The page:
A redox flow battery designed with a water-based electrolyte and electrodes composed of organic material has been assembled and demonstrated by researchers from Linköping University, Sweden. These stationary batteries store energy in the electrolyte, outside the cells itself, and can be recharged an unlimited number of times.

Current redox flow battery systems contain the scarce and expensive metal vanadium, prompting the researchers to test water-based electrolytes. This alternative makes the batteries inherently safer to use but The organic redox flow battery. Source: Thor Balkhed/Linköping UniversityThe organic redox flow battery. Source: Thor Balkhed/Linköping Universityalso results in lower energy density.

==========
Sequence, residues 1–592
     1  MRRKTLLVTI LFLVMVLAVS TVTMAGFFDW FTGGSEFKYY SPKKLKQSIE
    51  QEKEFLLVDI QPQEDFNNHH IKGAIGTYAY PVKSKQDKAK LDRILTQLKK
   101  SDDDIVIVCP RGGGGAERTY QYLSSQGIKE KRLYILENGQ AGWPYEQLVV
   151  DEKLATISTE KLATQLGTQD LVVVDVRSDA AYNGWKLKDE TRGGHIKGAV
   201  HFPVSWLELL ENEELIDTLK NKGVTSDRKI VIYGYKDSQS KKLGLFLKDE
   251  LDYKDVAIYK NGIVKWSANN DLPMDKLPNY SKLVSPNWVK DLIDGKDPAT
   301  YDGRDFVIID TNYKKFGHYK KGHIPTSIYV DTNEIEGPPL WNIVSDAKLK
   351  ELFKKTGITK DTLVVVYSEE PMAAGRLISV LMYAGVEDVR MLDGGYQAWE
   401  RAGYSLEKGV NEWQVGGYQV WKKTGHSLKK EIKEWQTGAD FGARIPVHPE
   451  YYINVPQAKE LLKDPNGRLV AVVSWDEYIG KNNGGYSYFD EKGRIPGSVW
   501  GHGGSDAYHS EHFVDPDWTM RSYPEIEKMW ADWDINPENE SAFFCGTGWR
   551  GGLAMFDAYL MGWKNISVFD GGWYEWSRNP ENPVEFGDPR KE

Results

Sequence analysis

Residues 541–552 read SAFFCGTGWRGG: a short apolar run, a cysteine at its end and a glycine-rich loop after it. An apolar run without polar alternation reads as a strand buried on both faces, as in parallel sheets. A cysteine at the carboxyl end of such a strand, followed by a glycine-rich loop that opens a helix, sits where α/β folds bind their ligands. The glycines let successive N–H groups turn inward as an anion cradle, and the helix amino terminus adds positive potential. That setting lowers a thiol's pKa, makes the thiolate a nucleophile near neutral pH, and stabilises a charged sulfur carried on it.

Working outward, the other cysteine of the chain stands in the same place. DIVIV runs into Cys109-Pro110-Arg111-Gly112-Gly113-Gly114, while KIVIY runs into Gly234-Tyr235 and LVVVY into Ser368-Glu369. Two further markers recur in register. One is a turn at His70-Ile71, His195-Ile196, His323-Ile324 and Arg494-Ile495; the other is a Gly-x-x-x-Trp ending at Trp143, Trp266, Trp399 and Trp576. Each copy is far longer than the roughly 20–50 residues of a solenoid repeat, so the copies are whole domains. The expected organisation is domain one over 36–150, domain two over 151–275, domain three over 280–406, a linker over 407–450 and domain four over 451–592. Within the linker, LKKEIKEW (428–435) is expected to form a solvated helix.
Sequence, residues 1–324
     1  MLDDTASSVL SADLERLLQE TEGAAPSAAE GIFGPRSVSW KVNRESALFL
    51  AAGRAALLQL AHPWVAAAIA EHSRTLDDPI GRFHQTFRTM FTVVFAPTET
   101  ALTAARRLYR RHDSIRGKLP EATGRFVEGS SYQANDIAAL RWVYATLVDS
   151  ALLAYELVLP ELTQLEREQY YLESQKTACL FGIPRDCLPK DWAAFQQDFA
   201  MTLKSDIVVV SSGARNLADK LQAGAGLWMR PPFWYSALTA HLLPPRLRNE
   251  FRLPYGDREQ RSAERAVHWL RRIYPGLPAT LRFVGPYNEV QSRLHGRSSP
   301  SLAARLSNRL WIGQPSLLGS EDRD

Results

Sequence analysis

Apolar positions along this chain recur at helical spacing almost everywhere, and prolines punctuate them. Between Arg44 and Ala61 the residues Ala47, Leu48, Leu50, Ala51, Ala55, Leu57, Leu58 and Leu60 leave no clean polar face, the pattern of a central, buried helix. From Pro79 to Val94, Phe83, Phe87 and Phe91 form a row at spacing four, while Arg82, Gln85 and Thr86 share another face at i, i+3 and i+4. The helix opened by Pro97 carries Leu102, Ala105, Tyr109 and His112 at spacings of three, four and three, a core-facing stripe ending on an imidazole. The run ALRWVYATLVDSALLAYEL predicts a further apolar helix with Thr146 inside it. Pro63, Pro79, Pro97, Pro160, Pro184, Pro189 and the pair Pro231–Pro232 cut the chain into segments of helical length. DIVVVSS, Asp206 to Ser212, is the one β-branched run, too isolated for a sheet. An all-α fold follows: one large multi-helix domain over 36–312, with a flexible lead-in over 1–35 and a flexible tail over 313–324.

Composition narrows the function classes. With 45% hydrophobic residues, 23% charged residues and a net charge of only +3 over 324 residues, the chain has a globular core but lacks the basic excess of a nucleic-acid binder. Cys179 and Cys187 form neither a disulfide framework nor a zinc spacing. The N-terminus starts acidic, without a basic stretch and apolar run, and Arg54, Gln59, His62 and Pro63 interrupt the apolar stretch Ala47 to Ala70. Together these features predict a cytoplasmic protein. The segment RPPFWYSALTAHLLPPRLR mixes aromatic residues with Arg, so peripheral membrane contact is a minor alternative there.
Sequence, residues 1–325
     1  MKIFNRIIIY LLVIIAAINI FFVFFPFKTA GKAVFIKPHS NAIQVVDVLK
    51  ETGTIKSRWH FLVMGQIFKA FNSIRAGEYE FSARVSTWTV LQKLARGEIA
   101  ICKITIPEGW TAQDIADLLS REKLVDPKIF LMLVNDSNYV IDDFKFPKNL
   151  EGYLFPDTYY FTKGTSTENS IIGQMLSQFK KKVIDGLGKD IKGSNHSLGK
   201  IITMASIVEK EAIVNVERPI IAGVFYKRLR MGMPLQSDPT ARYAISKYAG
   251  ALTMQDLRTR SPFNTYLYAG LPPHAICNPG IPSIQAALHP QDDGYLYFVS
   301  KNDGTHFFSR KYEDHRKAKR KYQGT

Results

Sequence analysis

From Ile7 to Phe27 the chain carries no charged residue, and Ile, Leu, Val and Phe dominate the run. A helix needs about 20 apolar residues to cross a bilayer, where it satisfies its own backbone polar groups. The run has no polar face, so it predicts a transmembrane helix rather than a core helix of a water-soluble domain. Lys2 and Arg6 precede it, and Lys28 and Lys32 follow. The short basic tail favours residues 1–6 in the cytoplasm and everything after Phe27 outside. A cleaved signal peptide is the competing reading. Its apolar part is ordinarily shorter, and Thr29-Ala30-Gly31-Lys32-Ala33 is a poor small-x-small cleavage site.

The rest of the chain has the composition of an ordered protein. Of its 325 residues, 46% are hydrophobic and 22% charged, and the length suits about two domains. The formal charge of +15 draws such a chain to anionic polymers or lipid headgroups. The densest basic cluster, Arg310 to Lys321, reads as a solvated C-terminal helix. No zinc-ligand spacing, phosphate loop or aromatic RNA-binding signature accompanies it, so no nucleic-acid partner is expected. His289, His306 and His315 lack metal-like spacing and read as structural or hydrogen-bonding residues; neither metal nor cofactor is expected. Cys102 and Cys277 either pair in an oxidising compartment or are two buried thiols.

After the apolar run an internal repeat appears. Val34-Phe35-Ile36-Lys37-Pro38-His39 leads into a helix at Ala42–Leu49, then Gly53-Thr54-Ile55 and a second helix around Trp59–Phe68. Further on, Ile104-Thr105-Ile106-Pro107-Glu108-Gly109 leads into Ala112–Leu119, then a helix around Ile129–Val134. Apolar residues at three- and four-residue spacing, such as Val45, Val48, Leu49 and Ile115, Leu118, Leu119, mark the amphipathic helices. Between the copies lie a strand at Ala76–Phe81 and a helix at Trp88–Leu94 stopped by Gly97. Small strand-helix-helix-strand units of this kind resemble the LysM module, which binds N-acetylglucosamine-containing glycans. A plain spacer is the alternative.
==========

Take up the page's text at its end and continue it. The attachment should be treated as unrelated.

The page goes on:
The battery design uses polymer poly(3,4‐ethylenedioxythiophene) (PEDOT), a conducting polymer, for the electrodes, which are doped to transport either cations or anions. The water-based electrolyte contains a solution of quinone molecules, which can be extracted from forest-based materials. The high compatibility of these components indicates that the PEDOT electrodes help the quinone molecules switch between their oxidized and their reduced states, fostering a flow of protons and electrons and increasing energy density.

The new battery structure described in Advanced Functional Materials still has a lower energy density relative to batteries that contain vanadium, but the organic redox flow devices are inexpensive, recyclable, safe and suitable for storing energy and compensating for load variations in the electrical supply grid.

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